When the femoral head and acetabulum are not approximated appropriately, the acetabulum will flatten over time, leading to dysplasia and instability at the hip joint. This instability can lead to subluxation or dislocation at the hip which can further worsen the dysplastic changes.

The success of a functional hip joint relies on the close approximation of the femoral head and acetabulum; therefore, treatment goals are to achieve stable reduction between the femoral head and acetabulum and thus promote normal development5

Key factors that influence pathoanatomy include:

  • Disruption of femoral head and acetabulum relationship
  • Fatty tissues in the depths of the hip, preventing reduction and stability
  •  Hypertrophy of the ligamentum teres, preventing reduction.
  • Thickened transverse acetabular ligament, narrowing the opening of the acetabulum
  • Shortened iliopsoas tendon across the anterior hip
    •  creates an hourglass shape to the hip capsule
    •  limits access of the femoral head to the acetabulum.
  • Infoldings and thickening of labrum secondary to increased pressure on acetabular rim and labrum

Disease progression including natural history, disease phases or stages, disease trajectory (clinical features and presentation over time)

Congenital hip dysplasia, or developmental dysplasia of the hip, refers to a spectrum of pathology, with four distinct clinical patterns noted. These presentations include varying degrees of hip instability to include1,2,3,5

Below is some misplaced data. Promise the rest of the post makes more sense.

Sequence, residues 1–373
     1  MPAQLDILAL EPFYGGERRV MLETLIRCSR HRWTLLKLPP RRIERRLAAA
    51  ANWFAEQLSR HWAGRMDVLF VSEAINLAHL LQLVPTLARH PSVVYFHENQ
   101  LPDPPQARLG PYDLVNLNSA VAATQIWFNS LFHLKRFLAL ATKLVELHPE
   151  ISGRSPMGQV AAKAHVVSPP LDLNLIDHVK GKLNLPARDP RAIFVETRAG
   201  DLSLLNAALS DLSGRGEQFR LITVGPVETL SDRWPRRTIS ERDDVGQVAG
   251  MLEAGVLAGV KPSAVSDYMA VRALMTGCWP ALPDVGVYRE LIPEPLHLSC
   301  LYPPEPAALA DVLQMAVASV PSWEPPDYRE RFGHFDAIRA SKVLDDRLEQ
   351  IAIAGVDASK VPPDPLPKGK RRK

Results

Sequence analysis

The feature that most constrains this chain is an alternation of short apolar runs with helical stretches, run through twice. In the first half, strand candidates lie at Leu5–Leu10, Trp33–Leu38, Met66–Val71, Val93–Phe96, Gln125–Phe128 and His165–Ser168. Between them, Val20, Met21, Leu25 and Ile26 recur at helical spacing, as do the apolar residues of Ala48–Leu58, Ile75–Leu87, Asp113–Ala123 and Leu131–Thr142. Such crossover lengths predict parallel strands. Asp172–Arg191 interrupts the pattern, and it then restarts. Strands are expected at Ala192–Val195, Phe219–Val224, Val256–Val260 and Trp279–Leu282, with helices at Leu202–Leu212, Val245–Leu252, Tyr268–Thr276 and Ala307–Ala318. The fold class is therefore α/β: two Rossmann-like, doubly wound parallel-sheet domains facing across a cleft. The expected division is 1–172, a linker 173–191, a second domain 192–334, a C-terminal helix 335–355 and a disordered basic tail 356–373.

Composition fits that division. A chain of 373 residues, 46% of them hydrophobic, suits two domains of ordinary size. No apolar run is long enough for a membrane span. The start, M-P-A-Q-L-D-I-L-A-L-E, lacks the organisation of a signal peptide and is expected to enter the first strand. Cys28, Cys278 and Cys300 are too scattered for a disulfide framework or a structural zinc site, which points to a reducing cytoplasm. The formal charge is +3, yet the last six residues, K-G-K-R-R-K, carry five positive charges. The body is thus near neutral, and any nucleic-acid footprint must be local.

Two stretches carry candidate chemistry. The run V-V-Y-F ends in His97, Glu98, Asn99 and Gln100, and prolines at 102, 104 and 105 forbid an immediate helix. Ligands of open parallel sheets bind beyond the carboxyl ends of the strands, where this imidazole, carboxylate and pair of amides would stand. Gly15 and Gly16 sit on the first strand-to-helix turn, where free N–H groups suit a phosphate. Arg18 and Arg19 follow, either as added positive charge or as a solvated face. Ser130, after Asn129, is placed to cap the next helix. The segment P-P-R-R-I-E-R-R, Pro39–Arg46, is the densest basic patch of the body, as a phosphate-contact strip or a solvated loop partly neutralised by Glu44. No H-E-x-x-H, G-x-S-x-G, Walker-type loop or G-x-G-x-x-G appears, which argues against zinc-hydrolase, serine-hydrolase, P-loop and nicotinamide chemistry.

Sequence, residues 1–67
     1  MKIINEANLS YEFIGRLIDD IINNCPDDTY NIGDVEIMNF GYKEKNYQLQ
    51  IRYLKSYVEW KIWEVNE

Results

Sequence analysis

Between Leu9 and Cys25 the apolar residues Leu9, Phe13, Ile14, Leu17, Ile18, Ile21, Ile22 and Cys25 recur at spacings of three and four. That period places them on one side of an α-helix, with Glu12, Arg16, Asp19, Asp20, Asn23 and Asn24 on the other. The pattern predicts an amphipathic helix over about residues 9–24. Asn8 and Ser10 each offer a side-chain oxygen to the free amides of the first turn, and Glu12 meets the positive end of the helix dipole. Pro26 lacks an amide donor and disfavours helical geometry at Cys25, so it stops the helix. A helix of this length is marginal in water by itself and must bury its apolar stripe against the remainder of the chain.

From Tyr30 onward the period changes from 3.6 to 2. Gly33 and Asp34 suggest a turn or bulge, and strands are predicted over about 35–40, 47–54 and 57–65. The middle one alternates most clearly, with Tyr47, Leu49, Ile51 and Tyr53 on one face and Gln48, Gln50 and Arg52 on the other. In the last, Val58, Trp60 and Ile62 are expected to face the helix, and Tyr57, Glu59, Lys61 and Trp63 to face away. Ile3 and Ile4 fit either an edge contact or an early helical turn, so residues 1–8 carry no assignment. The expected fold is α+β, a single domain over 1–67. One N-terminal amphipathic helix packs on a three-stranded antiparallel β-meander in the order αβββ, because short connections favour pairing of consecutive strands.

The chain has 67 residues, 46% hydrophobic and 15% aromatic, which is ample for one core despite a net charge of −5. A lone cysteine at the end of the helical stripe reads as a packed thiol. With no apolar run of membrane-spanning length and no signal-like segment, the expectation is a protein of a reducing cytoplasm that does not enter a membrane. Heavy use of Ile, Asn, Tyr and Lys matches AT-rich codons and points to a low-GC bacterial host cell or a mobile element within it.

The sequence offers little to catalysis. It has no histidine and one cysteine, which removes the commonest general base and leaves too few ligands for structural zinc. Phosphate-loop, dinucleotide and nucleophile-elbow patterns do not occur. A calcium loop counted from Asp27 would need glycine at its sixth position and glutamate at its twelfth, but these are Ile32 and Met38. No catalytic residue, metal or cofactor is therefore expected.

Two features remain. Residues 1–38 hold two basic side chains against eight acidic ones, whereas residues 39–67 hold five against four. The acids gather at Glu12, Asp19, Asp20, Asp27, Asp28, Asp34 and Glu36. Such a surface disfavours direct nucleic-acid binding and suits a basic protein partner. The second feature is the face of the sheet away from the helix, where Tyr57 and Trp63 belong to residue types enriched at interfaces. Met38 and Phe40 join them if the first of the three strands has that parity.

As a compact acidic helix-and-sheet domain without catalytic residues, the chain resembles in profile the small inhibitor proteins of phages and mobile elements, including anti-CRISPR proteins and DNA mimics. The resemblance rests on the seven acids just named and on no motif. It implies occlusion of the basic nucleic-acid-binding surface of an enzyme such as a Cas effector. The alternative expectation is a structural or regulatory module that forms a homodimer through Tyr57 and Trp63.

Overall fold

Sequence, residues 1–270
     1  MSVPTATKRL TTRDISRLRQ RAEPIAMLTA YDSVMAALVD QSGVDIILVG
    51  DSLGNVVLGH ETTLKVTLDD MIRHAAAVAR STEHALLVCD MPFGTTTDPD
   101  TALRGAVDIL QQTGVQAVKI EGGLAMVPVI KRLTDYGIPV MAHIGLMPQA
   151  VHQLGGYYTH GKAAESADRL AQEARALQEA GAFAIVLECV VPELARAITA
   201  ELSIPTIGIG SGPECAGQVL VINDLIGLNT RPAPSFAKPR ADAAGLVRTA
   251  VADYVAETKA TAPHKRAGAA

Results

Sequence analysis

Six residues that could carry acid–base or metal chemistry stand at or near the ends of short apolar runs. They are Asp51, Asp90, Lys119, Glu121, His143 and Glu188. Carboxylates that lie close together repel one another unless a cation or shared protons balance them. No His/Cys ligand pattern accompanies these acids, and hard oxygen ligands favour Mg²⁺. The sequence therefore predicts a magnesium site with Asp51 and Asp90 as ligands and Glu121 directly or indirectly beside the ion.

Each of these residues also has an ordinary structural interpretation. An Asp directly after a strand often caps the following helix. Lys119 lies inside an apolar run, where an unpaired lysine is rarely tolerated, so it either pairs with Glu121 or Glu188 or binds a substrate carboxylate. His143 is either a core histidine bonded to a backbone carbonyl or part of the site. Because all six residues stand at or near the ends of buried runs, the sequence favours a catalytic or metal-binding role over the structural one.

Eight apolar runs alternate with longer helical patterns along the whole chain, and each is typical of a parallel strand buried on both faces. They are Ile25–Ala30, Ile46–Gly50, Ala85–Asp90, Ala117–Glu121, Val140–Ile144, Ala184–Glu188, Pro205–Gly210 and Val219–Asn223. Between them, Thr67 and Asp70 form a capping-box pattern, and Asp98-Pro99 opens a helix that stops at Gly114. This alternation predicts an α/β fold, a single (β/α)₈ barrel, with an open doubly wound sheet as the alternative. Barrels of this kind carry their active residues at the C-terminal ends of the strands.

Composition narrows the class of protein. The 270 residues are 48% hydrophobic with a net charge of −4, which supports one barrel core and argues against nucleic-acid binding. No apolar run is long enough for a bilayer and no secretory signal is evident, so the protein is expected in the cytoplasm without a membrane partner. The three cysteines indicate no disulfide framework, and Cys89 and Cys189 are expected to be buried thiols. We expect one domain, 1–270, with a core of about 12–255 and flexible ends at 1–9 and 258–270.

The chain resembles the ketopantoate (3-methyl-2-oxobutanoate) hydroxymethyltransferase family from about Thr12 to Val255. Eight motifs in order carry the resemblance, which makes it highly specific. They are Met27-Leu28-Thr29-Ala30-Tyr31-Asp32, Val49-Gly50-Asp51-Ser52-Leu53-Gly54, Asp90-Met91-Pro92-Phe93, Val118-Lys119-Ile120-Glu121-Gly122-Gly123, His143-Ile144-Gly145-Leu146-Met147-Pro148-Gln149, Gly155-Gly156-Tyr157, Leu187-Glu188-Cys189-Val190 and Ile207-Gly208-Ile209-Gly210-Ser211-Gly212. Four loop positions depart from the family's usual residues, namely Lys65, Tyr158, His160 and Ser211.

• Acetabular dysplasia: a shallow hip socket which leads to increased pressure on the rim of the hip socket
  • Hip subluxation: a presentation where the femoral head is not appropriately sitting in the acetabulum
  • Hip dislocation: the femoral head is fully displaced from the acetabulum

Symptom presentation and symptom load also varies by age and development.

  • Neonates: DDH will be asymptomatic and requires screening by specific clinical maneuvers (Ortolani test and Barlow test, as subsequently described in the Physical Examination section) and/or imaging.5,7,8
  • Infants: After 2 to 3 months, soft tissues tighten and specific physical findings include limited hip abduction, thigh shortening (Galeazzi or Allis sign), and asymmetry of gluteal or thigh folds.
  • Ambulatory children: Often present after a leg-length discrepancy, limp, or waddling gait is noticed. These children will have a positive Trendelenburg sign, with a shortened femur on the affected side.
  • DDH is more commonly seen in the left hip (60%) but can often be found to be present bilaterally.9

Specific secondary or associated conditions and complications

Associated conditions and complications of DDH include avascular necrosis of the femoral head, persistent dislocation, residual subluxation, progressive acetabular dysplasia, persistent limp, premature degenerative arthritis of the hip, leg length discrepancy, lumbar lordosis, knee pain, scoliosis, and degenerative changes of the spine. Patients with progressed dysplastic changes have higher rates of total hip arthroplasty and earlier onset of arthritis.5,9, 10,11

If in utero hip dislocation occurs and the hips are not reducible on neonatal examination, chromosomal or neuromuscular conditions should be considered in the differential diagnosis. These conditions include myelomeningocele, arthrogryposis, and Ehlers-Danlos syndrome.5,9

Essentials of Assessment